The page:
Did we not allow ehrhoff to rush the puck? We didn't beat it out of him, we embraced it and the other players didn't seem to have a hard time adapting to his style of play.

If McNally makes it, he will have to read the play to know when to make a pass and when to rush. Having both options in his arsenal makes him a more dangerous player and a tougher play to get a read on. Perhaps, he rushes a bit less at the next level and adjusts to passing more. But I must say, the way you've argued this sounds like you want to neuter his rushing ability rather than tame his urges.

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Assuming McNally develops to even end up where Corrado is now. This is far from a given. He will have to curb a primary instinct of his to get there. Many don't make that adjustment.

Maybe using this different strategy at the draft misses a Corrado. However, with those misses other things are "hits". Perhaps they pick up a Nyquist/Tatar/Oullete instead? I just prefer the high IQ players it seems.
Development isn't linear and I'm not guaranteeing McNally makes it. I'm simply saying he is not done yet.

Corrado was the exact kid of player you are advising against yet he has found early success and I truly believe he will become an impact player as do many here now. Just goes to show that maybe taking a chance on some of these riskier players pays off.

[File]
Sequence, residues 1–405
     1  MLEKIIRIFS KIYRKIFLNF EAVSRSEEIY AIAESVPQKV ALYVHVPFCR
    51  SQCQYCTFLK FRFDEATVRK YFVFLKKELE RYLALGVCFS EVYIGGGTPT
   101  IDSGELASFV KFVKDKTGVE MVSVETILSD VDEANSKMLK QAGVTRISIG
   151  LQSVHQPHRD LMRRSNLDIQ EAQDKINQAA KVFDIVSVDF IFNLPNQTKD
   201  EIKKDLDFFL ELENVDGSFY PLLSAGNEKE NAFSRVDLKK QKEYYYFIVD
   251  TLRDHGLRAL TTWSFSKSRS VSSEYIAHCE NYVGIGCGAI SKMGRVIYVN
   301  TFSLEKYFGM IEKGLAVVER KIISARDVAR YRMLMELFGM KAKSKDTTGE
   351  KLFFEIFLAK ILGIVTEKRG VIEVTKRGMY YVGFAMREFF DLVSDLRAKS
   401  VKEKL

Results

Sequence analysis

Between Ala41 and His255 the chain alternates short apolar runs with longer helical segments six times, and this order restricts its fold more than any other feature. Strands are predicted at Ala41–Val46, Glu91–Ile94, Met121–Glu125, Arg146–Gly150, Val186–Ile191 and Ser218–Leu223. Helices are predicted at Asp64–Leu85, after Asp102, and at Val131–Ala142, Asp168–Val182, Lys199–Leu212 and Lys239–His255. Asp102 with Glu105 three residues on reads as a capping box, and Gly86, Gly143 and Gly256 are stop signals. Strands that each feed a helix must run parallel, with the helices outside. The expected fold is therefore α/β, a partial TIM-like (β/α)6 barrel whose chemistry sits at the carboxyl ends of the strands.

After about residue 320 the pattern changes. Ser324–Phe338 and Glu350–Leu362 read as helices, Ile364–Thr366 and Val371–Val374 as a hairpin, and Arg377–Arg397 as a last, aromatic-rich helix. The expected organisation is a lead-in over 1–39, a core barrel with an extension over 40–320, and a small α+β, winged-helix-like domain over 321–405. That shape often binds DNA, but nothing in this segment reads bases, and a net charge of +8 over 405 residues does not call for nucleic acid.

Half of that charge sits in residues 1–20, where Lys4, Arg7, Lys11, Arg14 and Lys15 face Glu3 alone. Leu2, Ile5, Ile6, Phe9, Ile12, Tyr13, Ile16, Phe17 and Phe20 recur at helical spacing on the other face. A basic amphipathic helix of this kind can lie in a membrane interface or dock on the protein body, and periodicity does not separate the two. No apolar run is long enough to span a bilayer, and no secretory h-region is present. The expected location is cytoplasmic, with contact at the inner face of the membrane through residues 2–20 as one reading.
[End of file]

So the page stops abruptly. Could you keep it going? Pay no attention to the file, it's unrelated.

Tatar and Ouellet are not late round picks, far from it, and we have been focusing on 4th round onwards. Maybe we miss a Corrado and we get a Nyqvist. Maybe we miss a Corrado and we get someone even worse. Two sides of the coin here.

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12-20-2012, 01:27 PM
  #485
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Originally Posted by Vankiller Whale View Post
I think Ouellet played rather well against Finland, although I'd certainly take Corrado over Wotherspoon.
Haha not to disagree with you again (sorry!) but I think Ouellet looked pretty rusty out there. He might need a game or two to get his timing back considering he hasn't played in 3.5 weeks. Reinhart was the only defenseman who played solid in all three zones IMO, but Murphy was easily the most electric.

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12-20-2012, 02:56 PM
  #486
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No points for Jensen today. But he did have a goal called off for kicking the puck.

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12-20-2012, 03:10 PM
  #487
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No points for Jensen today. But he did have a goal called off for kicking the puck.
Ahh thanks for that, I was just struggling through the AIK website to see if he got any points. I find it kind of fun guessing what means what.

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12-20-2012, 03:37 PM
  #488
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Originally Posted by thefeebster View Post
Did we not allow ehrhoff to rush the puck? We didn't beat it out of him, we embraced it and the other players didn't seem to have a hard time adapting to his style of play.